Managing a Mass Casualty in the Forest

Now we are facing the final scenario for the elective, and it’s a mass casualty incident. On the shore are five other “patients” who are acting out different injuries after an imaginary bus crash in the winding forest roads. Claire Gibson, MS4, has volunteered as incident commander, coordinating the triage, treatment, extraction, and transport of these patients.

Daniela Maristany, MS4, and I attend to Rawnie Ruegner, MD, also an attending emergency physician in the residency program. On a rocky slope near the bank of the river, she is clutching her left thigh and moaning in pain. Airway, Breathing, Circulation, we tell ourselves. After checking for scene safety, we resort to the ABC’s of trauma evaluation that our instructors had repeatedly emphasized.

As we realize that her left foot has lost its pulse, we diagnose her with a displaced femur fracture that is cutting off the blood supply to that leg. Without immediate stabilization, she could lose her leg or worse, she could bleed nearly all of her blood into her thigh. Together, we fashion a traction splint out of a hiking pole, rope, and camping mug to pull her bones back into place.

We then check on her 3-year-old son, Wally. Ruegner tells us that he recently vomited and is now complaining of belly pain. We find that his pulse is soaring, suggesting that his heart is trying to keep up with heavy internal bleeding. Without a CT scanner or any other luxuries of the hospital, we know he needs definitive medical and surgical care —fast.

Daniela runs to update Claire about the conditions of our patients. Meanwhile, another team of medical students is working on stabilizing Diamond, the man who was rescued from the river. He has sustained many serious injuries and requires helicopter transport to get to the nearest hospital. A team of students is working together to stabilize him. Yet more teams are working on the other patients, as our incident commander gracefully leads the scene.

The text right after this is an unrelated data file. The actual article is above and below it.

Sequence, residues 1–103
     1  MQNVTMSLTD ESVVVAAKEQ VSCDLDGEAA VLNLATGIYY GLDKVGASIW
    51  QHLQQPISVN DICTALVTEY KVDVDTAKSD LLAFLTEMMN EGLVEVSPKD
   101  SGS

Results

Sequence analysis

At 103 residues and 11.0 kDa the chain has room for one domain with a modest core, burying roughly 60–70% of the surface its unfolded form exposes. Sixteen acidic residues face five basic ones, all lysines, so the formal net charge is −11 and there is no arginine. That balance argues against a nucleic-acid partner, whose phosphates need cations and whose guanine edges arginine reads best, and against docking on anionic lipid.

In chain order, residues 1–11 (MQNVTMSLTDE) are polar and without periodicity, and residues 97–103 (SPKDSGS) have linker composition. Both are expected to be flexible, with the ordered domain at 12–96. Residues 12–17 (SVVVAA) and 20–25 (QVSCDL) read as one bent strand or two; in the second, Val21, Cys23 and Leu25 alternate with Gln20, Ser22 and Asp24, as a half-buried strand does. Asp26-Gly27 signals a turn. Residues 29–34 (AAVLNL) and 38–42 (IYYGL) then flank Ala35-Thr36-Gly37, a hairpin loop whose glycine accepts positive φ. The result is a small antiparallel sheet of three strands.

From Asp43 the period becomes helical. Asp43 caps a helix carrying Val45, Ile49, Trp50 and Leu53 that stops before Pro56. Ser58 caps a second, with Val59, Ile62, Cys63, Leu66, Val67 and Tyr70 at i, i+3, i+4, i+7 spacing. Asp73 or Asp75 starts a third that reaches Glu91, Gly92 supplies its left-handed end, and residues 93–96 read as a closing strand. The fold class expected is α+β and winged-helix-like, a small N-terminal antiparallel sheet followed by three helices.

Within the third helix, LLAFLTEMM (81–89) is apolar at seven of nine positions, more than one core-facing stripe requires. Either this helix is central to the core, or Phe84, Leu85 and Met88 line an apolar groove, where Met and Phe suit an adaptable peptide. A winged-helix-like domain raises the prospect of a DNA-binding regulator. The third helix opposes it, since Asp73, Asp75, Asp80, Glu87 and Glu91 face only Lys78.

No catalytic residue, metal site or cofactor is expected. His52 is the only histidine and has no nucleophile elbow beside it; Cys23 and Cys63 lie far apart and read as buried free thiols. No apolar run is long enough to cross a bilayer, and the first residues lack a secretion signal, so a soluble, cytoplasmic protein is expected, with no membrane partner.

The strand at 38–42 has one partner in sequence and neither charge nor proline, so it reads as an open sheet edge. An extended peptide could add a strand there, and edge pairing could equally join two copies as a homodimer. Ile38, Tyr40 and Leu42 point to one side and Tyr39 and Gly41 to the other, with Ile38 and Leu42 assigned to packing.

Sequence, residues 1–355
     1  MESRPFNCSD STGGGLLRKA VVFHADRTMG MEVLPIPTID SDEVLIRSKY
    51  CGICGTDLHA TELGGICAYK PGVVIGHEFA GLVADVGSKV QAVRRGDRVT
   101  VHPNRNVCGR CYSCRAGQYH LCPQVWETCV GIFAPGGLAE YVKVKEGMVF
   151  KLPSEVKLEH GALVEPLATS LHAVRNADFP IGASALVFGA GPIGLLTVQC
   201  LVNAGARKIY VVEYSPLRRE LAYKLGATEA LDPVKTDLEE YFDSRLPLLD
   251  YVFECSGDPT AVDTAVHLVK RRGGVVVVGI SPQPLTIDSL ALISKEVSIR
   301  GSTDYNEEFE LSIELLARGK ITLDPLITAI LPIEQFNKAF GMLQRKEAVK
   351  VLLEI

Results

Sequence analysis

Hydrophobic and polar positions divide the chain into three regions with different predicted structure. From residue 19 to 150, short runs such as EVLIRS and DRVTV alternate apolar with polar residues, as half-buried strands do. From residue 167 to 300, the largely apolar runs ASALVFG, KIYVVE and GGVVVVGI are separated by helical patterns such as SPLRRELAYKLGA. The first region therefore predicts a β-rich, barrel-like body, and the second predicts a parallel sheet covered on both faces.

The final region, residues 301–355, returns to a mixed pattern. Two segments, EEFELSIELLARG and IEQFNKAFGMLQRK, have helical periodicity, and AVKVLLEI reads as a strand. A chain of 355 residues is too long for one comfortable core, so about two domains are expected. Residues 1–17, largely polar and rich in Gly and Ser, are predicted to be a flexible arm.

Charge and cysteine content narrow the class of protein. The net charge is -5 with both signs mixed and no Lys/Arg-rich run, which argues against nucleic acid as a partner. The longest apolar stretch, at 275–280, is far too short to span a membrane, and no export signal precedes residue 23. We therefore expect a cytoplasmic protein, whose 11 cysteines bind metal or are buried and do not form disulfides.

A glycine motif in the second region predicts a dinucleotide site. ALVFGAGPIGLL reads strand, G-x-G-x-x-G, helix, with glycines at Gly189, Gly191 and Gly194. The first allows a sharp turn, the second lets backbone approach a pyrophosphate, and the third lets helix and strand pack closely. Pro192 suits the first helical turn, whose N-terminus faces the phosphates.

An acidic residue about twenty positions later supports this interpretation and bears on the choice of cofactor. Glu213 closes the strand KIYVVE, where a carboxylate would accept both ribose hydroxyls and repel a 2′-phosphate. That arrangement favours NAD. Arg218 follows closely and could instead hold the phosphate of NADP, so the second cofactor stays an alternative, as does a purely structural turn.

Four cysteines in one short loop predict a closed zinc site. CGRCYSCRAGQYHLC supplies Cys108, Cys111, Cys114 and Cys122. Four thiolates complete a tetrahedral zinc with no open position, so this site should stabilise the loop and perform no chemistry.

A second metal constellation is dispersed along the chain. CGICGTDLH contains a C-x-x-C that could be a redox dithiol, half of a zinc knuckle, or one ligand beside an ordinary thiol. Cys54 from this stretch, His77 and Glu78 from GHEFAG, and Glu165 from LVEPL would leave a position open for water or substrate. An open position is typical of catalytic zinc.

Learning about how sick Wally is, Claire calls the EMS dispatcher (played by Storkan) to request more space on the helicopter. Everyone works together to build a makeshift stretcher out of rope and a sleeping bag.

“It was incredible to watch my classmates roll up their sleeves and put into action everything we learned during the course,” remarks Claire. “The experience of being the incident commander reminded me how important it is to keep communication organized and thorough but concise in emergent settings.”

For any small group of people, carrying Diamond and Ruegner down the rocky path to the parking lot “helipad” on this rope stretcher would be an arduous task. But as a team of 14 students that has learned to skillfully work with one another, we easily whisk our patients to safety.

“To see a group of individuals bring their unique skills and personalities and combine those into an effective group dynamic is really rewarding,” says Storkan. “We were hoping to foster team building as well as individual leadership skills.”

From the classrooms in Fresno to the wilderness of Yosemite, we truly bonded as a group of fourth-year medical students learning to lead together and work together for patient care. Though we are each ultimately headed in different directions and specialties, our unique wilderness experience has united us.

Yosemite group shot

After visiting the Yosemite Medical Clinic, students and leaders of the wilderness medicine course come together in front of Tunnel View.
Photo: Jeffrey Chen